• May 13, Royal Docks
  • May 13, Thames Loop
  • May 20, Victoria Park
  • May 20, Great Trees

Royal Docks Loop

Ride Leader Jamie. His short account taken from WhatsApp (The Vulnerables)

21 riders set off for Woolwich from the Southwark Needle who were expertly marshalled by Eva and Jean across multiple crossings to Greenwich. We boarded the DLR thanks to Phillipa’s clever suggestion which took us under the Thames to Silver Town. A brisk pace around Royal Docks and back to Greenwich where the north lift was predictably out of order. Mission accomplished at 1320.

Thames Loop

11 mile loop frm Canada Water to Greenwich, across the river, back along the northbank and across Tower Bridge. River crossing using DLR from Greenwich station to Mudchute. More reliable than the tunnel, and step free at both stations. Map of route: https://www.google.com/maps/d/u/0/edit?mid=1YputxtQpk_g_BVhieMCuf9HAtWs&usp=sharing 

Ride was led by Ed, his first try at leading. Here are his comments: “The riding was all fine. There were few riders but everything went well.  No punctures or other incidents. No-one joined at Greenwich.”

Victoria Park

Coffee at the ViewTube

Leader Amanda. 14 riders. Early start of 9.30 for this 3 hour ride to Vicky Park and Olympic Park with coffee break at the Viewtube. Here is Amanda’s report:

Weather was a perfect day for a cycle, warm and sunny. Start at London Bridge and headed over Tower Bridge. Sharp right through St Katherines Dock and through Elephant Dock, then along the Ornamental Canal to Shadwell Basin. A little Cycleway 3 to Limehouse Basin.  Short section of canal to Mile End Park, which having a dedicated cycle path throughout, is looking its best at this time of the year.  This led us neatly to enter the perfectly manicured Victoria Park. We rode the outer ring circuit, well attended by other bike users.  Exit at St Mark’s gate and onto graffiti laden Hertford Union Canal Path to enter the Olympic Park. Pleasant quiet lower level river banks ride towards our coffee stop at the view tube. (The new University path will give us a better and shorter access to this next year, but at present this is barriered off)

The return was via the A12 underpass at Three Mills through Bow estate headed to Devon Road DLR, left down Voilet Rd weaving to Upper North and Saltwell Streets, where we picked up C3 at WestFerry. Thames Path through the gardens to back to Shadwell Basin and same section as outward back to London Bridge.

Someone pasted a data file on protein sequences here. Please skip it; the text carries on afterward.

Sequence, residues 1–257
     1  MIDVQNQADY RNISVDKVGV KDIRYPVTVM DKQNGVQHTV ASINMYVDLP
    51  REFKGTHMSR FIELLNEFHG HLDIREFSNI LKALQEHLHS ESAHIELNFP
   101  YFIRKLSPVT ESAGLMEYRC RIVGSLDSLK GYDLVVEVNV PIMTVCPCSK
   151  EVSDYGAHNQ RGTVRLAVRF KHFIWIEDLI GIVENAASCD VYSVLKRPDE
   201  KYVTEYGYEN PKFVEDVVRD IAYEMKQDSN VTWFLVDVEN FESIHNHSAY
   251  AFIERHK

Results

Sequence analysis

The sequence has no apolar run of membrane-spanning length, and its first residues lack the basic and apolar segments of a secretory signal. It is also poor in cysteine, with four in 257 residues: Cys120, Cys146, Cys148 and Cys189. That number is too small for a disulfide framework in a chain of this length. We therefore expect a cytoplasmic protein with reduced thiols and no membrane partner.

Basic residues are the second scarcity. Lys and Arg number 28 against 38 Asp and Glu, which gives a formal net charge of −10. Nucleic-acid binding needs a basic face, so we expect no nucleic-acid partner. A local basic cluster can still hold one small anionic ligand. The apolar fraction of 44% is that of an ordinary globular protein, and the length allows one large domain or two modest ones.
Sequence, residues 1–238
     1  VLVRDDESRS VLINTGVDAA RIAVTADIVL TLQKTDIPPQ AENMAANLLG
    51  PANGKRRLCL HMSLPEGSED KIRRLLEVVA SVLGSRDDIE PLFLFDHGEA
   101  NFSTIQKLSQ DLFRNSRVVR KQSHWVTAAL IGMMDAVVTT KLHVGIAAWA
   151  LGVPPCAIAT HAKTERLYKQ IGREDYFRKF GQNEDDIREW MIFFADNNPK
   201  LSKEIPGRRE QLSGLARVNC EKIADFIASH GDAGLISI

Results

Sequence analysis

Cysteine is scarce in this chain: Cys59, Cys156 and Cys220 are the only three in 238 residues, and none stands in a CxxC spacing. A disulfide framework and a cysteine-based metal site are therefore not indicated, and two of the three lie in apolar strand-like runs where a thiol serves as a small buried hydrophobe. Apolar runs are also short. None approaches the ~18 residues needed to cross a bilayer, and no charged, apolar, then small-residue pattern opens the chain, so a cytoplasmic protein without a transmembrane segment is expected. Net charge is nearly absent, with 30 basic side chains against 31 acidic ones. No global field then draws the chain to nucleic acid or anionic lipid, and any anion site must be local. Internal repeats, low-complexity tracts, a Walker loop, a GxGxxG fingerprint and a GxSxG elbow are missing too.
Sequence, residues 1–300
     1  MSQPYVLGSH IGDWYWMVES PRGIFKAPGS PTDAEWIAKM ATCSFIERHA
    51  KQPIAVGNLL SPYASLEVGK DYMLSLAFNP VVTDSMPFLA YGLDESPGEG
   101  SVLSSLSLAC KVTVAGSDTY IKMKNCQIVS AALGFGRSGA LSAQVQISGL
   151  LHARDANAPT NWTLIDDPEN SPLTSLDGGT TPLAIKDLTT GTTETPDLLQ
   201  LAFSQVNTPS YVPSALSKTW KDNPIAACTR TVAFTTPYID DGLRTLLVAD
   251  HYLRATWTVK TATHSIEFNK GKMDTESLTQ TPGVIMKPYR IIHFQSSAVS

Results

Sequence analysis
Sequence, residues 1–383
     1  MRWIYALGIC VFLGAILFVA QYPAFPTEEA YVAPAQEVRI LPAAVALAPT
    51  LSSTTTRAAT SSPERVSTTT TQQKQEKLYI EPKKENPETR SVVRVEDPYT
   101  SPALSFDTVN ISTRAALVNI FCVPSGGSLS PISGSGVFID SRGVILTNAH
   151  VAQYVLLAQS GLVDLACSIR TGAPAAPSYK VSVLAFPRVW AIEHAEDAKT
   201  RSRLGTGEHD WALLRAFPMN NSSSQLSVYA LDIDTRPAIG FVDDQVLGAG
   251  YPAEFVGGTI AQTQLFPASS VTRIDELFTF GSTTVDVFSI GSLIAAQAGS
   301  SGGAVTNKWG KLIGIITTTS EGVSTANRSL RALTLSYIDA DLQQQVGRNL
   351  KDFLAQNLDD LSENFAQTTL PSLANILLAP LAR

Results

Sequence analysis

GPX track of route from Eduardo.

Great Trees Ride 2023

Led by Bruce 9 riders started from London Bridge at the slightly earlier time of 9.30 and headed to Burgess Park. No stop at the Norfolk Island Pine as it has disappeared. The estate on Gt Dover Street was undergoing renovation. Looks as though this opportunity was taken to remove a large tree that was growing almost touching the wall of the block of flats.  The small “World Garden” at Chumleigh Gardens in Burgess Park has re-opened. Some unusual trees here, Chilean Wine Palms and a Stone Pine (rare in UK, native of Mediterranean). John’s phone app successfully recognised a Katsura, a rare tree in London, native of Japan. Next south to Lucas Gardens where there is a magnificent Tulip Tree, one from the Great Trees of London Map that forms the basis for this ride (map is in some bookshops).  The tree was covered in tulip flowers. Some had fallen and on examination are quite tulip-like. Very beautiful. There are several specimen trees in Lucas Gardens including a huge Copper Beech.

Next a long ride east to New Cross Gate station to view the Giant Redwood standing proudly next the tracks beside New Cross Gate Station. Continued on a zig zag route to Sayes Court Park where there is an old Black Mulberry. This has history. In the 17th Century Tsar Peter the Great stayed at Sayes Court while studying shipbuilding. The claim is that he planted the Mulberry tree. However the Great Tree Map doubts the tree is old enough. A good story, however.

The final leg of the ride included Lower Rd where a rare (for UK) tree has survived the best efforts of developers (so far). This is an Australian Southern Silky Oak. Used to be in front of Rotherhithe Police Station but is now in the corner of a large building site. But it still looks OK.  Last tree was a Tree of Heaven next to a small playground on Druid St. There are a lot of Tree of Heaven trees in Bermondsey thanks to the influence of Ada Salter (see our Salter Centenary Ride). Ada was Mayor of Bermondsey and amongst many other policies tried to “green” the area long before this became fashionable. She and her husband Dr Alfred Salter have their ashes interred in a small vault next to the tree.

Fine weather and some remarkable trees made for an enjoyable ride. Route Map at https://www.google.com/maps/d/u/0/edit?mid=1WMWt1qLR_4_obNGcwNHD3Sghfv22eLEW&usp=sharing 

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